The lifeline of the whole village is this perennial Himalayan river itself. The dust storms near jiskun was quite grave. The clear skies topsy-turved into dark ghosts when we almost reached the Jiskun homestay. It rained emphatically for almost two hours. Jiskun sits at an altitude of 7700 feet. The Bikat crew explained us about AMS(accute mountain sickness) and other symptoms that crop up when the body can’t adapt to the altitude change, and how to cautiously try preventing it. It was quite frightening to learn about AMS considering this being my first Himalayan trek above 15K feet. Jiskun is the last village towards the rupin pass where you can shop for anything which is dire need. The batch was filled with first time trekkers who missed to carry few essentials like jacket and rain ponchos. It was a delight for them.

Day4: “Comfortably Numb” (Jiskun to Saruwas Thatch)

Much of the initial part of the trail was through thick coniferous green colourful forests. It felt like western ghats for most of this stretch. The place was filled with beautiful butterflies. I managed to capture a few through my lens.

Butterfiles in action

The forest opened up into dirty snow valley. This is the first hint of snow starting from day 1. This was one of the longest and strenuous day. The trek continues through long meadows with rupin river flowing adjacent to the trail. The path is also crowded with lot of small boulder rocks which hurt the knees and make the stroll difficult.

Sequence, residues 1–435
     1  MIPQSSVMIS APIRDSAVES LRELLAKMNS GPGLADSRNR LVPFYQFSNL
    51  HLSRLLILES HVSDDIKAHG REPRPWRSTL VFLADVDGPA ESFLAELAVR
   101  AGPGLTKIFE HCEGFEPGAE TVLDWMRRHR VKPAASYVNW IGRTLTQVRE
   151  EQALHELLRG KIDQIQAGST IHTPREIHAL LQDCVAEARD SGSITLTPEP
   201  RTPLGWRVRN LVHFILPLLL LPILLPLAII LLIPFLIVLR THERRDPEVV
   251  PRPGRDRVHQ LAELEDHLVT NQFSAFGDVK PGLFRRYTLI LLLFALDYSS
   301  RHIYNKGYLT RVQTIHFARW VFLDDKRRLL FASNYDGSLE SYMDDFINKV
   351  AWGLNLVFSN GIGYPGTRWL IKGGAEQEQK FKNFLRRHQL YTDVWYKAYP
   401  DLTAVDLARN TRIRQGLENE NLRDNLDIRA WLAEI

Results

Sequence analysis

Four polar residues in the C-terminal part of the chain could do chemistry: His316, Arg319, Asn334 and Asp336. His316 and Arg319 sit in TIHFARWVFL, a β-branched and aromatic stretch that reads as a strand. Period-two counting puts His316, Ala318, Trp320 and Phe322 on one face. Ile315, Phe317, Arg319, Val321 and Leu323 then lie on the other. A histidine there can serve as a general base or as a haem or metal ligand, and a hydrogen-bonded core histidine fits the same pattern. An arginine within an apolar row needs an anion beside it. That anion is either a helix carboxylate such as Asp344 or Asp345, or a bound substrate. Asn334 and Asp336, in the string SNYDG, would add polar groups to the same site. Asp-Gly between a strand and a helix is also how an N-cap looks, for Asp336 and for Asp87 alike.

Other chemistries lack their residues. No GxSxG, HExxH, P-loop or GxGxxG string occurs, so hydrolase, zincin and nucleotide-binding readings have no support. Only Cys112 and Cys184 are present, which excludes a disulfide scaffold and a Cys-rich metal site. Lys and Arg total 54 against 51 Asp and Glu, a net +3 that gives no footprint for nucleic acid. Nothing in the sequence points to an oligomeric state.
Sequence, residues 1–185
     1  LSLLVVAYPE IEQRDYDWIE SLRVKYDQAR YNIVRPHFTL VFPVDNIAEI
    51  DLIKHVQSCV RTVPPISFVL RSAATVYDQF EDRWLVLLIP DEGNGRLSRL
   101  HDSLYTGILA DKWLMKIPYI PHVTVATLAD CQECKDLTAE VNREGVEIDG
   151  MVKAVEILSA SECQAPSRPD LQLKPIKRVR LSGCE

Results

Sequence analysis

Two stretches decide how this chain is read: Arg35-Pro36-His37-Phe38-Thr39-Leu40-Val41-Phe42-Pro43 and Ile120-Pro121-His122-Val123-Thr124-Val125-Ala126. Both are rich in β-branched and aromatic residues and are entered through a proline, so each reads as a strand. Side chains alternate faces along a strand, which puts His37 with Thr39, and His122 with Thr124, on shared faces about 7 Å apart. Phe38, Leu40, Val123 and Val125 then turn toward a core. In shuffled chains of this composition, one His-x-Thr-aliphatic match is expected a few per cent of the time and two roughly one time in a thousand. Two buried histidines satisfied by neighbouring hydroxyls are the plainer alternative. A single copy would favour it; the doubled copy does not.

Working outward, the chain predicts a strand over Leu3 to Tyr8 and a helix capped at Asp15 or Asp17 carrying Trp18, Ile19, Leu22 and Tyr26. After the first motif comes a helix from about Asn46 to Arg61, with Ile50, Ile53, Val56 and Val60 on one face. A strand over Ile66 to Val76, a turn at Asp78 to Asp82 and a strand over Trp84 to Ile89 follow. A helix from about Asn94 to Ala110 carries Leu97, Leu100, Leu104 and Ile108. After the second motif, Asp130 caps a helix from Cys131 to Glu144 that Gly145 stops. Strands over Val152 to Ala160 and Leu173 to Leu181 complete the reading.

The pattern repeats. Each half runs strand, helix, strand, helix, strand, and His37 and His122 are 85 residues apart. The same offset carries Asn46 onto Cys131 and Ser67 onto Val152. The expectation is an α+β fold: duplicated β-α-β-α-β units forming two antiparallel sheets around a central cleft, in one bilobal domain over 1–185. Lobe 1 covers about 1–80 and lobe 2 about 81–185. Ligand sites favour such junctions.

fellow trekkers following the meadows
Such views are not faint hearted (purportedly steep)

This region is abundantly filled with rhododendron flowers.

Rosy killer trails
Rhododendron in the backdrop of Himalayas
Final stint towards the Saruwas Thatch campsite

Day 5: “Up and Up” (Saruwas Thatch to Dhanteras thatch)

It was the shortest day in terms of trek as we covered it in less than 3 hours. The end climb towards Dhanteras thatch was quite tricky and steep where the trails were narrow.

Purest form of himalayan water
Saruwas Thatch campsite
Greeted by the mountain sheep after a good night’s sleep

As advised by many, yoga and pranayama are beneficial for good blood supply (avoids cramps) and better cardio vascular adaptation at high altitudes. We tried to follow this religiously every day. The climb ahead in snow was supposed to be steepest in the whole trek. We learnt how to use the spikes to trek in snow. Some basic foot angle movements for transverse and vertical climb were taught. It was very important to imbibe this as some of the foot movements were quite counter-intuitive. Example: while descending in snow we have to step only on heels which gives us good grip, although it’s a human tendency to step with full feet for best traction.